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Interpreting forage quality tests

Glenn Shewmaker Published on 24 August 2012
Sampling toolA sharp-tipped core probe

Forage should be sampled to determine moisture and forage quality. Knowing forage quality allows allocation of forage to the proper class of livestock and indicates nutrients needed or in excess of requirements.

This article describes forage quality, how and why constituents are determined and guides how to interpret forage quality tests.

There are sensory, physical, chemical, biological and instrumental methods for determining forage quality.

All methods depend on proper forage sampling. Because only a small quantity is analyzed, the sample must be representative of the entire lot of forage.

For more information on sampling forages, see the National Forage Testing Association website and Proper Sampling (Coring) of Hay Bales and Stacks and the Idaho Forage Handbook (BUL547) from the University of Idaho website.

Feed analysis reports contain the following information:

  • Moisture – Forage moisture content is used to calculate constituents on a dry matter (DM) and on “as received” or wet basis. Forages should be compared for their nutritive value on the DM basis.
  • Protein – Grasses typically have 4 to 16 percent crude protein (CP). Legumes have 10 to 25 percent CP depending on soil fertility, plant species and plant maturity. If the test value is greater than 25 percent CP, you should test for nitrates and expect that some CP is actually non-protein nitrogen.
  • Acid detergent insoluble nitrogen (ADIN) or acid detergent insoluble crude protein (ADICP) are indicators of unavailable nitrogen which may be the result of heat-damaged protein. Heat damage occurs when forage heats above 140 degrees, causing sugars and amino acids to combine, forming indigestible compounds appearing like lignin.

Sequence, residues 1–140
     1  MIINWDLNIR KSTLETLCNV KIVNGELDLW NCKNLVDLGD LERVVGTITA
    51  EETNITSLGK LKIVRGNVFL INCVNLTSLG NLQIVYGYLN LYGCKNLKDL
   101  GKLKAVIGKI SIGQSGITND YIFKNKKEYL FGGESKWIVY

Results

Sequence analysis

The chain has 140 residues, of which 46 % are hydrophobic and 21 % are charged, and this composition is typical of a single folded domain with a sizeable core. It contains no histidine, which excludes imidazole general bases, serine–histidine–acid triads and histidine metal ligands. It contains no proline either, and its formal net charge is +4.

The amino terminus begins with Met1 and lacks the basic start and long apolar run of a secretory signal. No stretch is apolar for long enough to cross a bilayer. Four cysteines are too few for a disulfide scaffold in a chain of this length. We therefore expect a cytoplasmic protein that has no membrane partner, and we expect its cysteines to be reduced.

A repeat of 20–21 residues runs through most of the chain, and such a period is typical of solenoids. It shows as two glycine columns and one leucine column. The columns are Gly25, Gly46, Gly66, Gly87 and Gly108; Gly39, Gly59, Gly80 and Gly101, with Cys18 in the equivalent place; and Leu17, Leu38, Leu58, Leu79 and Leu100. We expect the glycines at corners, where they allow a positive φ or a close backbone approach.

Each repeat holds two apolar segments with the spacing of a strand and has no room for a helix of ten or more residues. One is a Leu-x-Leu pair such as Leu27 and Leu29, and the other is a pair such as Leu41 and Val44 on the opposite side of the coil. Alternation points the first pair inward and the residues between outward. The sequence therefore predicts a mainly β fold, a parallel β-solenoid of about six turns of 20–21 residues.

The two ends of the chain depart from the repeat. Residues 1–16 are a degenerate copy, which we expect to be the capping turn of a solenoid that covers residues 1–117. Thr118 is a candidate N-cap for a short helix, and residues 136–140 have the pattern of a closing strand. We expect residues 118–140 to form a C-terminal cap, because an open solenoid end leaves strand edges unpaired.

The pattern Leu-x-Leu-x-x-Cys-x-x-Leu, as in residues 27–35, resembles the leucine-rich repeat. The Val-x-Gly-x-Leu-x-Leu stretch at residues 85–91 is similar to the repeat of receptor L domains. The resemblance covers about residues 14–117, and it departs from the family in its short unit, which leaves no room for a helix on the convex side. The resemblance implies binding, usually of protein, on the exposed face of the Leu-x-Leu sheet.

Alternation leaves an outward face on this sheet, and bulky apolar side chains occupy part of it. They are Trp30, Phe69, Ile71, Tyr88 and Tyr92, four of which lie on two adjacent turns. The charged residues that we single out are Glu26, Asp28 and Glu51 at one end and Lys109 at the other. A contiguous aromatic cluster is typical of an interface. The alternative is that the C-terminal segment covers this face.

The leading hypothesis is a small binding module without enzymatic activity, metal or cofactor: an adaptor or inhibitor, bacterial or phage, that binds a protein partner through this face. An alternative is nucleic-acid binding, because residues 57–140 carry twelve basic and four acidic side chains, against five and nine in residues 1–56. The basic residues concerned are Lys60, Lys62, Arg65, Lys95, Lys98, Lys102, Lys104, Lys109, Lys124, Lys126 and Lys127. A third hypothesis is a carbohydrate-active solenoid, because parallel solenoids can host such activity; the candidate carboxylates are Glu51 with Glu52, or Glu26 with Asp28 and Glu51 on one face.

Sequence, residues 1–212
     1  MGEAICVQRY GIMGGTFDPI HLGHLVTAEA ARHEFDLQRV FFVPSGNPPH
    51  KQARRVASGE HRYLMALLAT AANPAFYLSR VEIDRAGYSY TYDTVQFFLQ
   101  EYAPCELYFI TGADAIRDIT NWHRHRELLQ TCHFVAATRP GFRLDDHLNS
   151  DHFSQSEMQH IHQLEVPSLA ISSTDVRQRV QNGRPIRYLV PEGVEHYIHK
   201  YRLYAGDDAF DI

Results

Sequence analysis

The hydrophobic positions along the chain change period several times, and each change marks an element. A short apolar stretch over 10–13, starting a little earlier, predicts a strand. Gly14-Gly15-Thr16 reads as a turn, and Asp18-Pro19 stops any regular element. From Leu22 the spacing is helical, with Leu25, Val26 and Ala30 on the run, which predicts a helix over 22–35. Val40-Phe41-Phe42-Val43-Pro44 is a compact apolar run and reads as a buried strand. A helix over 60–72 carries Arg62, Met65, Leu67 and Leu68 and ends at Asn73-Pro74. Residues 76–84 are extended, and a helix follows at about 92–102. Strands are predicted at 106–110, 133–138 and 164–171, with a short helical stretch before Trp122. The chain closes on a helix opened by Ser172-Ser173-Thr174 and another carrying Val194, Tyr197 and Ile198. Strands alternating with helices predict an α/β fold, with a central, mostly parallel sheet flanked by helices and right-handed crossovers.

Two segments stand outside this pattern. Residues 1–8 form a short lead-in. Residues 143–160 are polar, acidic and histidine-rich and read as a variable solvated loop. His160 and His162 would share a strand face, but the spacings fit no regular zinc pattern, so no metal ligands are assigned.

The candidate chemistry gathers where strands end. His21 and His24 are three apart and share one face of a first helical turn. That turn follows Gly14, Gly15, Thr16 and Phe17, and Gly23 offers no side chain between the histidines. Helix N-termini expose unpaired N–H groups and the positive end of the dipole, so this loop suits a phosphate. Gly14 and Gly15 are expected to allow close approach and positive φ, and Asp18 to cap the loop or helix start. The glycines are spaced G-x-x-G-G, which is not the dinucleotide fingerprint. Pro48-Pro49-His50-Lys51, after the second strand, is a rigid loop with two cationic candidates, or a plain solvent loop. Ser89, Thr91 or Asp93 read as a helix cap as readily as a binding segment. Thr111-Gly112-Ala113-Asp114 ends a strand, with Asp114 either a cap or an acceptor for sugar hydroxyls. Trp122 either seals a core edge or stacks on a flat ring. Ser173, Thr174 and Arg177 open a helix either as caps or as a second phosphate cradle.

• Fiber – or structural carbohydrate – supplies a highly variable amount of energy to the diet because digestibility varies greatly. Fiber is most often reported as acid detergent fiber (ADF) and neutral detergent fiber (NDF).
  • Neutral Detergent Fiber (NDF) – This is fiber that remains after part of the digestible cell wall is removed with a neutral detergent. NDF varies from 30 percent NDF in fresh alfalfa to 60 percent in mature straws and tropical grasses. NDF is related to animal intake of the forage: as NDF increases, intake decreases. Digestible NDF (NDFD) is a better indicator of energy content of forage. Legume forages generally have lower NDF than grasses, but the NDFD in grasses may be higher.
  • Acid Detergent Fiber (ADF) – This is fiber that remains after part of the digestible cell wall is removed with an acid detergent. ADF is related to forage digestibility: as ADF increases, digestibility decreases.
  • Energy – Energy is not directly measured but is commonly predicted. Total digestible nutrients (TDN) is the best practical prediction of forage energy as properly determined by a summative equation developed at Ohio State University.
  • Total Digestible Nutrients (TDN) – TDN represents the sum of all digestible nutrients in the forage, crude protein + 2.25 (fat) + non-structural carbohydrates + digestible NDF. However, TDN is often crudely estimated from ADF and may not be identified as such.
  • Minerals – Minerals important to forage analysis include phosphorus (P), calcium (Ca), potassium (K) and magnesium (Mg).

Secondary measured values from laboratory analysis

  • Total N – nitrogen content (percentage of DM)
  • DIN – rumen-degradable intake nitrogen (percentage of total N)
  • UIN – rumen-undegradable intake nitrogen (percentage of total N)
  • ADFN – acid detergent fiber N (percentage of total N)

Calculated values

  • DM – dry matter (percentage) is calculated as 100 - moisture content
  • Crude Protein (CP) – estimate of protein (percentage of DM) = Total N x 6.25
  • Digestible Crude Protein (DCP) – (percentage of total CP) = CP x 0.72